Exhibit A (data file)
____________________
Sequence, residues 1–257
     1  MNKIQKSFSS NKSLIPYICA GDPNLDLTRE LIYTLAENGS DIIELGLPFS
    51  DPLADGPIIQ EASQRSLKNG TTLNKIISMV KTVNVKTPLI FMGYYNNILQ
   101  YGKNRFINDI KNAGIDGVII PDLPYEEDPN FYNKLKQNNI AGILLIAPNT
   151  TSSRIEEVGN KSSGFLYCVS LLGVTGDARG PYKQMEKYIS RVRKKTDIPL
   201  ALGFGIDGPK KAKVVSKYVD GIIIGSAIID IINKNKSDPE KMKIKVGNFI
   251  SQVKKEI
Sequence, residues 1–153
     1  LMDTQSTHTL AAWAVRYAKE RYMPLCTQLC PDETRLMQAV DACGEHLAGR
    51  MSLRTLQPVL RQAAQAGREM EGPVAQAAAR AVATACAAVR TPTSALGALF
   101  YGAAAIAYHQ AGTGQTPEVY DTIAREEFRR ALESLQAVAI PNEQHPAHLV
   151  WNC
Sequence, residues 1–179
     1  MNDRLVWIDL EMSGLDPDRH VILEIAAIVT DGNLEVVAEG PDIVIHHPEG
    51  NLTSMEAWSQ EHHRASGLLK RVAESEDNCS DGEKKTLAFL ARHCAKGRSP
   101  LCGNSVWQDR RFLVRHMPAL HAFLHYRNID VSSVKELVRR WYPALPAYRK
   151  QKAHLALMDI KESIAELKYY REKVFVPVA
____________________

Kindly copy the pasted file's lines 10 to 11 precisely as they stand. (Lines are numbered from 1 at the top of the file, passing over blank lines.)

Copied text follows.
    51  MSLRTLQPVL RQAAQAGREM EGPVAQAAAR AVATACAAVR TPTSALGALF
   101  YGAAAIAYHQ AGTGQTPEVY DTIAREEFRR ALESLQAVAI PNEQHPAHLV